Despite some of the illogical plot points, the dialogue flows so naturally and understated from Barrymore and Carmichael that the roles seem to have been written for them. They are well-defined to the point you don’t even need to see them to know they are in the room. In one scene, the camera is fixed on a radio with a dainty coffee cup on a saucer in front, and light smoke billowing across the screen. You know Aunt Willey is just off camera and she is.
The relationships between the characters are well done, too, whether it’s Dan and Chick, Mary and Aunt Willey or Chick and Aunt Willey. Chick is a steadfast friend who won’t let Dan wallow in self-pity and truly believes in him. “I think you’re a genius, he tells Dan. “So you’re blind, but Shubert’s dead.”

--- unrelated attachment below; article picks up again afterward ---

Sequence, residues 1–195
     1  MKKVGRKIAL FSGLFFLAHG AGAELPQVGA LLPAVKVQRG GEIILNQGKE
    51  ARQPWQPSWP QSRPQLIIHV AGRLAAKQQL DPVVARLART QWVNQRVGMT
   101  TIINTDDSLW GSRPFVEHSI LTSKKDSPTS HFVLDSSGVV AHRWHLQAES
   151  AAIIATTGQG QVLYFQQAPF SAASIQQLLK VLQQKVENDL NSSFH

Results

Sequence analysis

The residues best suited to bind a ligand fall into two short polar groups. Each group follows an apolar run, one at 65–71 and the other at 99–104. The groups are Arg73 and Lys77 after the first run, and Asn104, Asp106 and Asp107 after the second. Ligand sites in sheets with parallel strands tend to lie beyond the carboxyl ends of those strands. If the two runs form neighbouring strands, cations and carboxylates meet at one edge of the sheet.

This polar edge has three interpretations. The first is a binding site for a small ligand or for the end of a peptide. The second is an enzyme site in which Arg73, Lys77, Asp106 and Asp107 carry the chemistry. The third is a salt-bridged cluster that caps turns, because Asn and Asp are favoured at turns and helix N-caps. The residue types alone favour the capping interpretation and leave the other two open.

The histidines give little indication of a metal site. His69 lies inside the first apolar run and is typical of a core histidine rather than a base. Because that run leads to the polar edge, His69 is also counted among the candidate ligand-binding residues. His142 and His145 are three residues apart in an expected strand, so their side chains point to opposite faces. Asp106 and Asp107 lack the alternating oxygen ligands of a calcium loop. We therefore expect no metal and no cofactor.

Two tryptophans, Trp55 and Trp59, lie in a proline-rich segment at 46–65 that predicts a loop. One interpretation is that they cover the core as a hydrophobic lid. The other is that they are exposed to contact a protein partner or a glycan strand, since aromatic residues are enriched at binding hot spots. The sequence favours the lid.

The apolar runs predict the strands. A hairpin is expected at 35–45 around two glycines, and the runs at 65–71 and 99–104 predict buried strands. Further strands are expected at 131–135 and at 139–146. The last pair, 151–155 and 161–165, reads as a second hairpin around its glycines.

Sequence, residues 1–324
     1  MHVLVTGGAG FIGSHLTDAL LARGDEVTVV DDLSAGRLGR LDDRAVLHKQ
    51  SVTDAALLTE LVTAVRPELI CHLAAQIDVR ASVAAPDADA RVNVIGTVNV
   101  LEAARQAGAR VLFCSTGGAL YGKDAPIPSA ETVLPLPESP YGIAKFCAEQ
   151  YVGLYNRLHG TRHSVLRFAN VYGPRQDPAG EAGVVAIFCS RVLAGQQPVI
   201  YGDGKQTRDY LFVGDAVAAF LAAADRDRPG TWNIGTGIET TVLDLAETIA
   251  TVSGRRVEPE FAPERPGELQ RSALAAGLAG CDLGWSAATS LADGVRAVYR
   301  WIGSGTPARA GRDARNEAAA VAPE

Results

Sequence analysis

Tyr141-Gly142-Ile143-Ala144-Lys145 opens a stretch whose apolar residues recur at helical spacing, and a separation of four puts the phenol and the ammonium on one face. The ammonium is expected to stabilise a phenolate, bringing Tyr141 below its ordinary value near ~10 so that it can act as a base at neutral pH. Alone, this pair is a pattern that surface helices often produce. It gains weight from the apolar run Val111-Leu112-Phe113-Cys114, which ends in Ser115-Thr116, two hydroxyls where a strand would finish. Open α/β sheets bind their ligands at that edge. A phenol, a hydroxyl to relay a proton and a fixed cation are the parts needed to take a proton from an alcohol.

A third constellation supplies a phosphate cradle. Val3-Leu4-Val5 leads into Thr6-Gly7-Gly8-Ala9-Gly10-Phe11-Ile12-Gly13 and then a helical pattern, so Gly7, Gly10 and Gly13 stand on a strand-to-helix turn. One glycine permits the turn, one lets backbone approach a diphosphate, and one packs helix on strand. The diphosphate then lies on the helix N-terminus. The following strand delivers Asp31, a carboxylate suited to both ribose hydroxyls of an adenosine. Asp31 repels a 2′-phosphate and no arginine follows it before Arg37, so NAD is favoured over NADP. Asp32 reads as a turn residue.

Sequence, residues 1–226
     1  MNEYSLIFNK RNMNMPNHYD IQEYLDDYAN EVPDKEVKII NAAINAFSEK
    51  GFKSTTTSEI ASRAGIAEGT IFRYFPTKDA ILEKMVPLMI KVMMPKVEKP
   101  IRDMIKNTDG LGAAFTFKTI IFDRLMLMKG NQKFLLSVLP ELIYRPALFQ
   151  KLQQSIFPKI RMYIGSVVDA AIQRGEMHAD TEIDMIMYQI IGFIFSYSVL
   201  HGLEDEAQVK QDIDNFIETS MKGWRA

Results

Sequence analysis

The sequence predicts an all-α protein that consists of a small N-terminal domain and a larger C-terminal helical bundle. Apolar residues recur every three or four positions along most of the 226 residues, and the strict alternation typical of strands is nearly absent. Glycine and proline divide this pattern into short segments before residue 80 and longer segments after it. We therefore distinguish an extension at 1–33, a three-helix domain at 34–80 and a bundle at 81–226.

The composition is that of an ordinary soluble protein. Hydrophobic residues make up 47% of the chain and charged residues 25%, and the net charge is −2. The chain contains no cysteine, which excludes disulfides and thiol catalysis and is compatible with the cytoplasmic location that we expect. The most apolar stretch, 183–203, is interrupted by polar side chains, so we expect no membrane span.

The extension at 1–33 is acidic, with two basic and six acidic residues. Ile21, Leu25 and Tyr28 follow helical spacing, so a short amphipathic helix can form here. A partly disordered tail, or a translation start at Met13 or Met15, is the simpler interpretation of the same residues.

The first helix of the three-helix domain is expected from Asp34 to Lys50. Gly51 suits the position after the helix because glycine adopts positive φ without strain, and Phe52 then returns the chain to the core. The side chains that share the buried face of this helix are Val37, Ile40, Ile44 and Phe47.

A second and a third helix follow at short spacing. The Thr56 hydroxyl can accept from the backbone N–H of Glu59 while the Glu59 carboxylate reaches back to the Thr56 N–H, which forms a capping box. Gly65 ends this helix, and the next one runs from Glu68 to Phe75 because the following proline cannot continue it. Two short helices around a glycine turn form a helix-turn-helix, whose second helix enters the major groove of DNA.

“Night Song” is elevated by little character moments. My favorite is Aunt Willey sitting in a comfy chair all happy to be reading a detective novel while smoking and drinking coffee. When she drops her book, she starts to bend over, then turns to the stack of paperbacks beside her and takes the one off the top.
“Night Song” has my favorite qualities of classic Hollywood movies like romance, star power, lovely music and a coziness you can sink in to. Besides any movie that stars just one of the four main actors – Andrews, Oberon, Barrymore, Carmichael – is worth a watch. A movie with all four? That’s a can’t-miss and a reason to give this hidden gem a chance.
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The Classic Movie Blog Association’s four-day “Hidden Classics” blogathon features stories on many other films that aren’t as well known as they could – and should – be. Here’s the link to read more stories on these hidden film gems.